Spy vs. Spy: Nursery Edition

Most of you know that back in October, we went Ferber in this house.  Things were going super awesome, until issues like teething, the 8th month sleep regression and cats relentlessly chasing lost Christmas ornaments around the house at midnight began.  Just after Thanksgiving, Miles decided that every night at midnight, it would be party time.  Jumping up and down in the crib, singing to the ceiling, babbling at the cats…until 2am.  EVERY.  SINGLE.  NIGHT.

“Oh, it’s teething,” I thought to myself for the first two weeks, until I realized there were no more teeth coming at this moment.  “Oh, it’s a developmental sleep regression,” I convinced myself, after reading WebMD, Wonder Weeks and “What to Expect: The Toddler Years” at 3am (What to Expect spoiler alert: expect chaos).  “Oh, it’s the stupid cat with ANOTHER JINGLE BELL ORNAMENT,” I hissed at 2am for three nights in a row before I banished everyone to the garage and told them I’d never feed them again if they didn’t settle down.

And then, my late night WebMD-ing finally struck gold: he was awake, and it was my fault.

Miles has reached an age in which he understands object permanence (that things can disappear).  I know, fancy terminology that essentially means, “WHERE THE HELL IS MY MOM?!”

You see, our normal bedtime routine lasted from 7:30p-8p.  Miles had started falling asleep during the rocking chair/concert portion of the evening, and I didn’t think much of it, other than it was super cute and I finally got a chance to snuggle him as if he were a widdle tiny baby again!  But, this was actually disrupting his sleep, because when he would normally sigh and roll over at midnight, now he was waking up realizing I was gone.  Object permanence.  Cue WTF crib jumping and yelling.

And so, because we are gluttons for punishment, we reintroduced Cry It Out (CIO).  Yes, it sucked, but you know what?  From the first night of CIO Part Deux, Miles slept through the night.  THE ENTIRE NIGHT.  This meant that now we get to sleep all night.  All of the hours, mine.  I can hog the bed, roll up in the covers like a burrito, and not have any anxiety over when we’d be up…because we aren’t.  Cue the “Hallelujah Chorus.”

Oh, your child is sleeping through the night again?  Let me sing you a lullaby.

Oh, your child is sleeping through the night again? Let me sing you a lullaby.

The first night, he cried half an hour, and I had to take a shower to keep myself from barreling in the nursery to scoop him up.  The second night, 15 minutes.  The third, 5 minutes.  The fourth, he was done by the time I made it to the kitchen.  And now?  NOW, he is awake when I put him in his crib, but he just rolls over and goes to sleep.  This is worthy of a parade.

Now, CIO: Part Deux couldn’t be completely uneventful, because if it were I wouldn’t have anything to write about.  So let’s talk about Night Three.  Sometimes kids cry; and sometimes, they cry so hard they throw up.  Parents and teachers, you know exactly what I’m talking about.  Miles went to sleep (after yelling for 5 minutes), and after 20 minutes, I went in to do my usual bed check.  He was snuggled up, butt up in the air, peaceful as could be.  I did the PJ check.  It was then that I realized he had managed to cough up some broccoli-carrot-cheese onto his PJ pants (that smells as delicious as it sounds, by the way).  This meant he needed to be changed.  On night three of CIO.  Jesus, take the wheel.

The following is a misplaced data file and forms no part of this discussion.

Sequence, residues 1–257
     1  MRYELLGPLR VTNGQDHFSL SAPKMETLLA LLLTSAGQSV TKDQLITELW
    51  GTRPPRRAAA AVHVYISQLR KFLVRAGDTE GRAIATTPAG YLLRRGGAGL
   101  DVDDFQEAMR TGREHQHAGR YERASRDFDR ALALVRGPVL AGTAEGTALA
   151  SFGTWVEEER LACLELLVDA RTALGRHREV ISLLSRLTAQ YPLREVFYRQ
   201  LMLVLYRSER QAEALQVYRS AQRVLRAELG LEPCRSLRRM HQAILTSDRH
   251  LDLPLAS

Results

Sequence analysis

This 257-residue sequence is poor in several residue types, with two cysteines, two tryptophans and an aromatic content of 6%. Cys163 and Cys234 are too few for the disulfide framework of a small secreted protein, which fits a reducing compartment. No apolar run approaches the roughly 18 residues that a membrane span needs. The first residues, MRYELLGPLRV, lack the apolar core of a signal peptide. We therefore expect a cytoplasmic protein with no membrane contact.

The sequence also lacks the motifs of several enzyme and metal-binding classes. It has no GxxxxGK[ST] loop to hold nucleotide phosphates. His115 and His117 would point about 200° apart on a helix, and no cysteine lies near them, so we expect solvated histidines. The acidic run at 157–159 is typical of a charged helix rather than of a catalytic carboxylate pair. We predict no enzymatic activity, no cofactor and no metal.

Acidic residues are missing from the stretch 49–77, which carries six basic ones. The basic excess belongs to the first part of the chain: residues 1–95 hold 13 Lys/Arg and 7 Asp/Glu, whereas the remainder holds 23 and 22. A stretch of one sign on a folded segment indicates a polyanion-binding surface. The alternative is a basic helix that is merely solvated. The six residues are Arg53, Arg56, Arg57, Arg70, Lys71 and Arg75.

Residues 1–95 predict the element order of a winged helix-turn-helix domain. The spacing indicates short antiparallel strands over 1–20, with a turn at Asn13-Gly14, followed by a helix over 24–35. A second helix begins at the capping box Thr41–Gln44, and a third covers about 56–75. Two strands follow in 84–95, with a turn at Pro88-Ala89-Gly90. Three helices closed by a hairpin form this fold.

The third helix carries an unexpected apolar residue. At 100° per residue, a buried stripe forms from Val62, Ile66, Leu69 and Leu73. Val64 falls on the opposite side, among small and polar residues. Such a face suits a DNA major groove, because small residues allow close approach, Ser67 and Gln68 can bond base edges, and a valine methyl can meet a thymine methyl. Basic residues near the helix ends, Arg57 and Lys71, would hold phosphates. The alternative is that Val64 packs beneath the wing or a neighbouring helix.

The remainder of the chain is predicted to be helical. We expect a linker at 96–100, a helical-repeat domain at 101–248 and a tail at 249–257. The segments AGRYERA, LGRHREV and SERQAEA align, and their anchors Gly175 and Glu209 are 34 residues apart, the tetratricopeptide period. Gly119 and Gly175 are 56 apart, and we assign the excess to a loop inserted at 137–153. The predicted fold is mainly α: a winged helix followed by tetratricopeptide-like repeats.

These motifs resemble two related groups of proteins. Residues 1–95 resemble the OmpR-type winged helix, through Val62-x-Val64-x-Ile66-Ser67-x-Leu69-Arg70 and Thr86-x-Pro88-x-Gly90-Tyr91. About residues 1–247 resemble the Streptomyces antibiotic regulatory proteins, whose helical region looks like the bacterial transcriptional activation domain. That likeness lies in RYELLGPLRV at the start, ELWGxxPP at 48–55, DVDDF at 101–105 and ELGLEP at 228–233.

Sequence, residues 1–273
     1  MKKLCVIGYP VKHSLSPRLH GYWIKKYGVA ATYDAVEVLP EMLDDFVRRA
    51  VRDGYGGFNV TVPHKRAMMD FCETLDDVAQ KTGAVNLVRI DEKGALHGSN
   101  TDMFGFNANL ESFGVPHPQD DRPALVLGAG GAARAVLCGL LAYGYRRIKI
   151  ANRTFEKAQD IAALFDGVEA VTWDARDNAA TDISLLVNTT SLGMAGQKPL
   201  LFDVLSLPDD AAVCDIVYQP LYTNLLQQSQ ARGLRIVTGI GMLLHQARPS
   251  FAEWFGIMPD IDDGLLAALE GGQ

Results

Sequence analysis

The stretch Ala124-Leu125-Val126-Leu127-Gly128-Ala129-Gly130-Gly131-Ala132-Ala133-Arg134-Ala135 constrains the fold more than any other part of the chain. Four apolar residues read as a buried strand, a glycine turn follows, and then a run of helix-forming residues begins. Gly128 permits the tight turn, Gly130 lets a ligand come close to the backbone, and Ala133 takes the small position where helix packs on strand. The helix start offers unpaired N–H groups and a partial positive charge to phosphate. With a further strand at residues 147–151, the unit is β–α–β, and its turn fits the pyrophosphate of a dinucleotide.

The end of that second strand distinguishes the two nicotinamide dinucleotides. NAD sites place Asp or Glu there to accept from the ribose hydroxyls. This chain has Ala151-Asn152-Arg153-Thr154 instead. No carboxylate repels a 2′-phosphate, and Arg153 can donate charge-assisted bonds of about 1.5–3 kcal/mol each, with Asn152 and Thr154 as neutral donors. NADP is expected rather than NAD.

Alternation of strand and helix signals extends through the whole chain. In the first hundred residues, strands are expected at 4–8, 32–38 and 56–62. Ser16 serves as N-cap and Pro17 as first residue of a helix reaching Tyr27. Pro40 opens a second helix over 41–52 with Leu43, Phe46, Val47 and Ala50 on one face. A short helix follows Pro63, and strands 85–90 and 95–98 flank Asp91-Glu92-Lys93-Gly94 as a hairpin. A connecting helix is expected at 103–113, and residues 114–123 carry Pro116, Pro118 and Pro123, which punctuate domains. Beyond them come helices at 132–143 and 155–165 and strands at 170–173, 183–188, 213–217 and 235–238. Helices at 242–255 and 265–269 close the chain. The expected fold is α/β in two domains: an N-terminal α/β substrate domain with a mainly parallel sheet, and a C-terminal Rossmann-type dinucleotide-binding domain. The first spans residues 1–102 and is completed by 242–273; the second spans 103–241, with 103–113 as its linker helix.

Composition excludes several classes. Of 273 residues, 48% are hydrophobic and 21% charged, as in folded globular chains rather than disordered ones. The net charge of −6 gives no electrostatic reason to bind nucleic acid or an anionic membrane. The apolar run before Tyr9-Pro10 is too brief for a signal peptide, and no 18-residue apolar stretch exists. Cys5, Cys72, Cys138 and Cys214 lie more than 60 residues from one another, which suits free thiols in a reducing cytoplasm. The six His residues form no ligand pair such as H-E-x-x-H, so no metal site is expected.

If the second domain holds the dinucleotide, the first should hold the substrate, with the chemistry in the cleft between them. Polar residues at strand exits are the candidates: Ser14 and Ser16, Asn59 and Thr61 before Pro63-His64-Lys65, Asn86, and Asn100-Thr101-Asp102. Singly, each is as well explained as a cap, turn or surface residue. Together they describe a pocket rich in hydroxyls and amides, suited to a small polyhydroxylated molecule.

I went to the living room for reinforcements.  Evan and I managed to get the broccoli ridden PJ pants off, and got him into the new, clean PJ pants.  This was so successful, we quietly congratulated ourselves and had a celebratory victory dance I the nursery.  And then, I decided Miles needed his big, fluffy blanket (polar vortex, remember?)  So I got the blanket, and tossed it on the kid.  Success again!  Evan started to leave the nursery, and told me to follow…the look in his eyes let me know that he saw the look in my eyes (no, not that look)…the blanket was crooked.  People with OCD, you know what I’m talking about.

I fixed the blanket.  And, of course, because I touched the corner of his blanket ever so slightly, Miles woke up.  It was then that we made the Spy vs.Spy move that all parents make at least once: we jumped down and hid at the end of the crib (his has solid panels at each end, thank you, Ikea).  Miles sat up.  He cried, he talked, he moved around.  He got quiet.  I tried to peek in, and he’d start moving and talking again.  We were stuck.

That's Miles on the left.

That’s Miles on the left.

Each time I attempted to crane my head around the corner to catch a glimpse, I would most certainly hear him flop onto his butt, or bang on the crib slats.  Evan would chance a peek over the top of the crib, only to collapse instantly on the floor because Miles was just sitting there staring at the nursery door.

This lasted an eternity (ten minutes).  Finally, Evan nosed around the side of the crib and confirmed the target was sleeping.  He then ordered me in a whisper-yell to get out of the nursery.  I compulsively checked Miles’ blanket yet again, then Army crawled into the hallway.  Once I was in the clear, Evan followed suit.

In a few minutes, I will go into the nursery for the last bed check of the evening.  I will make sure his feet are covered, and I will kiss his sweet, fuzzy noggin, but I will not straighten the blanket.

Note to self: Additional nursery essentials include deck of cards, bottle of wine, picnic blanket, extra pillows and an old Us Weekly.  Just in case…

"Hurricane" is a relative term.

“Hurricane” is a relative term.

Red Team Go,


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